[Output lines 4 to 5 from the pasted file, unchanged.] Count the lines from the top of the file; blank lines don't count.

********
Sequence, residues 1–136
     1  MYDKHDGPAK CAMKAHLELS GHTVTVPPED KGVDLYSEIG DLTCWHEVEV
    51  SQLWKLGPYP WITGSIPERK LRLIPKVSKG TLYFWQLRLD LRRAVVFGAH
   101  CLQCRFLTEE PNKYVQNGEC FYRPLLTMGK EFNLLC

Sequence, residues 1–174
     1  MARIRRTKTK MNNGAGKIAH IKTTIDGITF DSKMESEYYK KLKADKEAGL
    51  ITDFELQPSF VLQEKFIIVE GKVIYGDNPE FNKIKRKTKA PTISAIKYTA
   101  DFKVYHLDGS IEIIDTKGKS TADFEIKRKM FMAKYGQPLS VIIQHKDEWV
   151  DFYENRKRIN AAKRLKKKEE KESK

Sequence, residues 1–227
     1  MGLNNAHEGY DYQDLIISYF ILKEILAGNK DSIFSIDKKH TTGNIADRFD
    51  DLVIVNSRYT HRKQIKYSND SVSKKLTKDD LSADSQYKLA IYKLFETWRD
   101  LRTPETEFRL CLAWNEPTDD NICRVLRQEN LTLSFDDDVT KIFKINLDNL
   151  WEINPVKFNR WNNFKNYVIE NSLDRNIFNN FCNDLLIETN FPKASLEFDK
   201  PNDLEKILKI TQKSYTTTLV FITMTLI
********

   101  CLQCRFLTEE PNKYVQNGEC FYRPLLTMGK EFNLLC

Sequence, residues 1–174